HERU researchers involved in this research project: Patrícia NorwoodAnne Ludbrook, Ourega-Zoé Ejebu and Yu Aoki

External Collaborators: P. Morgan and J.Macdiarmid (Rowett Institute of Health and Nutrition)


LIFT: Lessening the Impact of Fatigue, Therapies for inflammatory rheumatic diseases

Despite major advances in the management of inflammatory rheumatic diseases, fatigue continues to be a major problem for patients in day-to-day management of the condition. In rheumatoid arthritis, for example, as many as 80% of patients report significant fatigue and over 70% consider fatigue to be equal to pain. Moreover, fatigue is a crucial determinant of impaired quality of life and a predictor of work disability. There is now evidence that non-pharmacological interventions, specifically cognitive behavioural approaches and exercise therapies, are effective treatments for significant fatigue. However, it is difficult to access these therapies. This study tests whether remote delivery is effective and cost-effective, and will explore the factors that predict treatment success.

HERU researchers involved in this research project: Paul McNamee

External Collaborators: N. Basu (NHS Grampian); S. Siebert (NHS Greater Glasgow & Clyde); A. Wearden (Central Manchester University Hospitals Trust) and V. Kumar (NHS Tayside).


MAmMOTH: MAaintaining musculOskeleTal Health study

Fibromyalgia has been identified as a research priority by Versus Arthritis. We have previously shown short and long-term effectiveness (determined by patient global assessment of their condition) of CBT delivered by telephone (tCBT) for chronic widespread pain (CWP), the cardinal feature of fibromyalgia.

We have now developed statistical models which predict the future development of CWP sufficiently well to make prevention studies possible. We therefore hypothesise that, amongst patients identified as being at high risk of developing CWP, a short course of tCBT will reduce the risk of its development.

We plan a two-arm randomised controlled trial testing a short course of tCBT against usual care. Subjects will be eligible if they are evaluated as at ‘high risk’ of developing CWP, namely have had a primary care consultation with regional pain and at least two of: a maladaptive behavioural response to illness, a high number of somatic symptoms and/or sleep disturbance.

If successful this study would provide general practitioners with an intervention option to reduce the risk of CWP development. This will be the first such trial of which we are aware, internationally, to attempt to prevent the onset of CWP.

HERU researchers involved in this research project: Paul McNamee and Huey Chong

Mammoth logoExternal Collaborators: G MacFarlane, G Jones (Other Applied Health Sciences, University of Aberdeen), N Basu (School of Medicine, Medical Sciences and Nutrition, University of Aberdeen), M Artus, J McBeth (Keele University), S Kean (University of Glasgow), K Lovell, P Keeley (University of Manchester), P Hannaford (Department of General Practice & Primary Care, University of Aberdeen), G Prescott (Medical Statistics Team, University of Aberdeen) and J. Norrie (CHART, University of Aberdeen).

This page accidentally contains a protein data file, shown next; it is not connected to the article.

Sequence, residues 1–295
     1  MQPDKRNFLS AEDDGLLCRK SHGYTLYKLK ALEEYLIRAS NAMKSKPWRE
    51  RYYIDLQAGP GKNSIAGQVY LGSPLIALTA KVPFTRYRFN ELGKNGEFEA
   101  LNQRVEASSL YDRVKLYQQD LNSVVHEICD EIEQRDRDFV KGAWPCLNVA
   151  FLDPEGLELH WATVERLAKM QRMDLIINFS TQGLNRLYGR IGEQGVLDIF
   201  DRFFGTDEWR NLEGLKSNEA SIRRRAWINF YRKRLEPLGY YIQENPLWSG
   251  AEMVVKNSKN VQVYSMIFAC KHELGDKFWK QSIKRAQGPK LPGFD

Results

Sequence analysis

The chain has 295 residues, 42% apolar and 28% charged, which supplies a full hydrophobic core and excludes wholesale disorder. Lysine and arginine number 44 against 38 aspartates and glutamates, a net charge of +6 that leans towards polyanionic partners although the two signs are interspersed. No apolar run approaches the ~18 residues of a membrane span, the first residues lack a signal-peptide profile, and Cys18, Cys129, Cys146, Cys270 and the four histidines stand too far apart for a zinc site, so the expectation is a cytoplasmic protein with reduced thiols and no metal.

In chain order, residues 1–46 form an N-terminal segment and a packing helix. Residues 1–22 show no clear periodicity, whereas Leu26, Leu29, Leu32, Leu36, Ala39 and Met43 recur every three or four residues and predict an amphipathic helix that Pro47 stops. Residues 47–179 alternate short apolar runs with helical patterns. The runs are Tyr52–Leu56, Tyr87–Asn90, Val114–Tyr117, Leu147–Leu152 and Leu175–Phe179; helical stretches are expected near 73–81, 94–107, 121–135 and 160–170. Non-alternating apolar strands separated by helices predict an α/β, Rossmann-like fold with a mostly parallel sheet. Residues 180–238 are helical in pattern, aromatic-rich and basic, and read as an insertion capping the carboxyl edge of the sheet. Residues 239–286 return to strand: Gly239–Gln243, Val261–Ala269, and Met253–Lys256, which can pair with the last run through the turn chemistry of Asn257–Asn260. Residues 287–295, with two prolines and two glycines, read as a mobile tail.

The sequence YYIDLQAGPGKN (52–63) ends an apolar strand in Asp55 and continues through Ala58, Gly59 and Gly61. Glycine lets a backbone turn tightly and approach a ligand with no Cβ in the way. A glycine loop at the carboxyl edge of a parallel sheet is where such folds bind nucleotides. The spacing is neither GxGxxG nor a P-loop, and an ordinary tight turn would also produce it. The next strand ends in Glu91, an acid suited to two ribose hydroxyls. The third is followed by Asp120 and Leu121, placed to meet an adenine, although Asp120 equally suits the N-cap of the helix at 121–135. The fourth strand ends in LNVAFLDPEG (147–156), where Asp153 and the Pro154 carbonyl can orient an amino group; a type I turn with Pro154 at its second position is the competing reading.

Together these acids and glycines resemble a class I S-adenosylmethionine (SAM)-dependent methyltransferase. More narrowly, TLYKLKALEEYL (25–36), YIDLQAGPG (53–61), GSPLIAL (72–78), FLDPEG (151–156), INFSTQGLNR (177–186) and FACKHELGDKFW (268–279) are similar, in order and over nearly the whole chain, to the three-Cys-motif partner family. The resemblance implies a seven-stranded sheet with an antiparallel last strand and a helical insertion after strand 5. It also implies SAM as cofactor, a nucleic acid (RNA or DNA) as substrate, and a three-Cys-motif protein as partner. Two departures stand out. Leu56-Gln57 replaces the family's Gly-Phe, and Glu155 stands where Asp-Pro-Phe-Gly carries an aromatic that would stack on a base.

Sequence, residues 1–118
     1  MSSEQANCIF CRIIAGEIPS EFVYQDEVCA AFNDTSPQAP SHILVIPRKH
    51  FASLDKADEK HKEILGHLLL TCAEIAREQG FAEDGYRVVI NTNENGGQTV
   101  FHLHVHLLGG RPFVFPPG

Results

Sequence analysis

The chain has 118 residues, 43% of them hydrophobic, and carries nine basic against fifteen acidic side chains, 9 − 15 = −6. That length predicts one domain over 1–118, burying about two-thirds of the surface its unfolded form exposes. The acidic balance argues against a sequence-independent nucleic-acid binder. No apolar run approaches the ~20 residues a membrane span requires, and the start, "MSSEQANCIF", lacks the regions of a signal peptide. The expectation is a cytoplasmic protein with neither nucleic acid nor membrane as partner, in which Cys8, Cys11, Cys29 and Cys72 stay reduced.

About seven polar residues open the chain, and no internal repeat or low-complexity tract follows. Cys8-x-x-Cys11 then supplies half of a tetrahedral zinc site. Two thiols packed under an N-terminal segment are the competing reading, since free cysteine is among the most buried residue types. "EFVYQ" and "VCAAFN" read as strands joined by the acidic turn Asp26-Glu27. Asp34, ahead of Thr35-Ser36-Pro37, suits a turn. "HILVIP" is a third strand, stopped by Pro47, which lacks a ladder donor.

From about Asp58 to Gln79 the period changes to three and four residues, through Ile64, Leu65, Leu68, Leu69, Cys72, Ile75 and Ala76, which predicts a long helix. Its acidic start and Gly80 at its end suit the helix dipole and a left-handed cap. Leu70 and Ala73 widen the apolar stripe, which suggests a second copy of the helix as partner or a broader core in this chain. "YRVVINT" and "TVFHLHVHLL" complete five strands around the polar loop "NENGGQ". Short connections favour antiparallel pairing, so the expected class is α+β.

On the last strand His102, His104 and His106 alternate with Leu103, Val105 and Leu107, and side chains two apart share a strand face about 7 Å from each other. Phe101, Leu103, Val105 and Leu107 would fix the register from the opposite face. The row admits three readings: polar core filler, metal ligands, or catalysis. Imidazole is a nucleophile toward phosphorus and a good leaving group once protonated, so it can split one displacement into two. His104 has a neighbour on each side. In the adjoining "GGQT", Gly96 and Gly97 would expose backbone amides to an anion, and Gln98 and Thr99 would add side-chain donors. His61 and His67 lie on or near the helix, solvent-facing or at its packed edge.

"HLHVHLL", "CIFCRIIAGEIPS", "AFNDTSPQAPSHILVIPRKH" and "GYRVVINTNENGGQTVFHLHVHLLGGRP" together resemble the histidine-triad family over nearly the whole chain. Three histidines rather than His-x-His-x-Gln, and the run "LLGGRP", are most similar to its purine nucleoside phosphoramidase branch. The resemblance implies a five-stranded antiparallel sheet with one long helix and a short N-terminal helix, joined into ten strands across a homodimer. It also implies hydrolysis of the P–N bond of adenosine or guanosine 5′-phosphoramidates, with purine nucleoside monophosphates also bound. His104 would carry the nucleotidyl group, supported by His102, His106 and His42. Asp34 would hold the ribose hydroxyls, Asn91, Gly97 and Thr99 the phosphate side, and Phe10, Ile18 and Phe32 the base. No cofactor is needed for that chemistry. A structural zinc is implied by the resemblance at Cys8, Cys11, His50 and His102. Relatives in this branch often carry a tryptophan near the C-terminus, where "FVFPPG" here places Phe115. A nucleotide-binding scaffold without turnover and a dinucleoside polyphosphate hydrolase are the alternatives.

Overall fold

The trial is registered with - NCT02668003.


Mental health and the PATH midlife

Midlife is often described as a time of crisis and turbulence. From a life course perspective, adversity through life may compound over time, and inequalities may be starkest at midlife. This research builds on previous waves of data collection to consider the life course trajectory of mental health problems, in order to inform policy makers on strategies that help to promote mental health and well-being in midlife.

HERU researchers involved in this research project: Paul McNamee

External Collaborators: P. Butterworth, K. Antsey, N. Cherbiun, R. McKerin, R. Burns, L. Leach, (Australian National University) and T. Slade (University of South Wales)

Modelling purchasing behaviour for alcohol

The project examines how factors such as consumers’ choice of alcohol type and brand, their previous purchases and frequency of purchase affect responses to price changes. Of particular interest is the response of frequent and heavy purchasers and the potential effect of habitual behaviour. The study will use household scanner data to provide repeat observations over time.

HERU researchers involved in this research project: Anne Ludbrook, Lynda McKenzie and Ourega-Zoé Ejebu


PACFIND: Patient-centred Care for Fibromyalgia: New pathway Design

Fibromyalgia is a common condition with symptoms of pain, fatigue and sleep disturbance. There is not much evidence on the best way to organise health services for fibromyalgia. Patients are dissatisfied with current services and believe no-one takes responsibility.

This project will gather information from patients about their current situation and their levels of access to healthcare services. We will work with health professionals to understand how services are organised. We will then identify what better care for patients with fibromyalgia looks like. We will also estimate the benefits and costs of existing and alternative care models. By the end of the study we will have developed a new model of care for people with fibromyalgia. We will develop a plan for how the service can be put in place to ensure higher levels of patient satisfaction across the country. 

HERU researchers involved in this research project: Paul McNamee

External Collaborators: G. MacFarlane, G. Jones, N. Basu, K. Martin, S. MacLennan, L. Lolock, R. Hollick, P. Murchie, (Other Applied Health Sciences, University of Aberdeen); C. Black, (Aberdeen Centre for Health Data Science)

Time preferences and health behaviours